A promising cell therapy for obesity and diabetes

August 31, 2020

HSCI scientists show proof of concept that transplanted brown-fat-like cells can treat metabolic diseases

Microscopy image of brown-fat-like cells.
Genetically engineered cells express the gene UCP1 (red), which is characteristic of brown fat cells that burn energy. Image credit: Joslin Diabetes Center


Harvard Stem Cell Institute scientists have developed a proof of concept for a novel cell-based therapy against obesity, the main cause of type 2 diabetes and related chronic illnesses. The potential therapy involves transplanting human brown-like fat cells, which are human white fat cells that have been genetically modified to become similar to heat-generating brown fat cells.

The study, led by Yu-Hua Tseng, Ph.D. at the Joslin Diabetes Center, is published in the journal Science Translational Medicine.

Brown fat cells burn energy instead of storing energy as white fat cells do. In the process, brown fat can lower excessive levels of glucose and lipids in the blood that are linked to metabolic diseases such as diabetes. People who are overweight or obese tend to have less of this beneficial brown fat.

To address this problem, the researchers took developmental-stage human white fat cells and used a gene editing technique to boost expression of a gene called UCP1, which triggered the white fat cell progenitors to develop into brown-fat-like cells.

Transplanted into mice lacking an immune system, the brown-fat-like cells developed into cells that functioned very much like the animals’ own brown fat cells.

The research team compared transplants of these cells versus the original white fat cells in mice that were put on a high fat diet. Mice given the cell transplants displayed a much greater sensitivity to insulin and ability to clear glucose from the blood, two key factors that are impaired in type 2 diabetes.

Additionally, the mice receiving the engineered cell transplants put on less weight than mice with transplanted white fat cells, and remained in the same range as animals that received brown fat cells.

These benefits were mostly due to signals from the transplanted cells to existing brown fat cells in the mice. “Cells in different tissues communicate with each other,” Tseng said. “In this case, we found that our transplanted cells secrete a molecule called nitric oxide, which is carried by red blood cells to the endogenous brown cells and activates those cells.”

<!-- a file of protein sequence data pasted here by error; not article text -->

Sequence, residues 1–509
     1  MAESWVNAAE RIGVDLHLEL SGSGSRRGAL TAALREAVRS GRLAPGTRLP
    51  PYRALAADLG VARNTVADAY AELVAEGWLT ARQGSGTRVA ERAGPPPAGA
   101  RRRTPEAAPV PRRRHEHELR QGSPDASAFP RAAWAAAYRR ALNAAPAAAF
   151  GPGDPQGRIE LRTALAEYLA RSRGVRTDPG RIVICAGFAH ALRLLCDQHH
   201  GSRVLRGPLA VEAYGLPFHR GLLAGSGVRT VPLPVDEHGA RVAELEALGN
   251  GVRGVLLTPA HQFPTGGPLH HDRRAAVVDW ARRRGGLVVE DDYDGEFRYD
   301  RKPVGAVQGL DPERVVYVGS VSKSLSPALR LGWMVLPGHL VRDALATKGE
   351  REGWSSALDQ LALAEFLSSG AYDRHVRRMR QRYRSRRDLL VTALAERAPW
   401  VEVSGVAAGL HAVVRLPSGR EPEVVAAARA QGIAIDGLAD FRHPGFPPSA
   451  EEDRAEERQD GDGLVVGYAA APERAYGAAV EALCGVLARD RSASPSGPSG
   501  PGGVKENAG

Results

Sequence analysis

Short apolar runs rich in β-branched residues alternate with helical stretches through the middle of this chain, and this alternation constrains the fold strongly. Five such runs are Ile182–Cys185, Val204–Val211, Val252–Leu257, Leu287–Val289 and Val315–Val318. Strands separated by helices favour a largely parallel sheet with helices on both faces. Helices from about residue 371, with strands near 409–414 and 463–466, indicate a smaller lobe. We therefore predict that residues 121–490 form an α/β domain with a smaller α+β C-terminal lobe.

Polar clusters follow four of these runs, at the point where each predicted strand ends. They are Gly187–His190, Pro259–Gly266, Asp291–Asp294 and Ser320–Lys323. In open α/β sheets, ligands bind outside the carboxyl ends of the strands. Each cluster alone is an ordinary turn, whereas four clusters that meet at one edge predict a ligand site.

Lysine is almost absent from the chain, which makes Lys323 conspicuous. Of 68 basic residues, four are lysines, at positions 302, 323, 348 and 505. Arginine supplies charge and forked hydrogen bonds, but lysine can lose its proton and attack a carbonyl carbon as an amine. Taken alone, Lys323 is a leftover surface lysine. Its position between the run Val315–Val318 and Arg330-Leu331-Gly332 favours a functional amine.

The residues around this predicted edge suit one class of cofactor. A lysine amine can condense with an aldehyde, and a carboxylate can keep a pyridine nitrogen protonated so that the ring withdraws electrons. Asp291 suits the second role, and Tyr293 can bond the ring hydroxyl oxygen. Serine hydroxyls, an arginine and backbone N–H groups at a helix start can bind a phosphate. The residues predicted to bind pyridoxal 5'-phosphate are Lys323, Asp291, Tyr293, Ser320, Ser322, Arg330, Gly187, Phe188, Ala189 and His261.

If this technique continues to show success in pre-clinical research, it might be eventually possible to generate this type of cell for individual patients. Such a procedure would remove a tiny amount of a patient’s white fat cells, isolate the progenitor cells, modify those cells to boost expression of UCP1, and then return the resulting brown-fat-like cells to the patient.

However, that individualized approach could be complicated and expensive, so the researchers are pursuing two alternative routes that may be more practical for clinical use.

One alternative is to use cells that are not personalized, but instead are encapsulated via biomaterials that protect the cells from rejection by a patient’s immune system. The other approach is to develop a gene therapy that directly expresses the UCP1 gene in white fat progenitor cells in the body, so that those cells acquire brown-fat-like properties.

“Employing cell-based or gene therapies to treat obesity or type 2 diabetes used to be science fiction,” Tseng said. “Now scientific advances, such as CRISPR gene-editing technologies, will help us to improve the metabolism, the body weight, the quality of life, and the overall health of people with obesity and diabetes.”

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This story was originally published on the Joslin Diabetes Center website on August 26, 2020, under the title “Transplanted brown-fat-like cells hold promise for obesity and diabetes.”

Source article: Wang, C.-H. et al. (2020). CRISPR-engineered human brown-like adipocytes prevent diet-induced obesity and ameliorate metabolic syndrome in mice. Science Translational Medicine. DOI: 10.1126/scitranslmed.aaz8664

This study was supported by the National Institutes of Health, the National Institute of Diabetes and Digestive and Kidney Diseases, and the Department of Defense Congressionally Directed Medical Research Programs.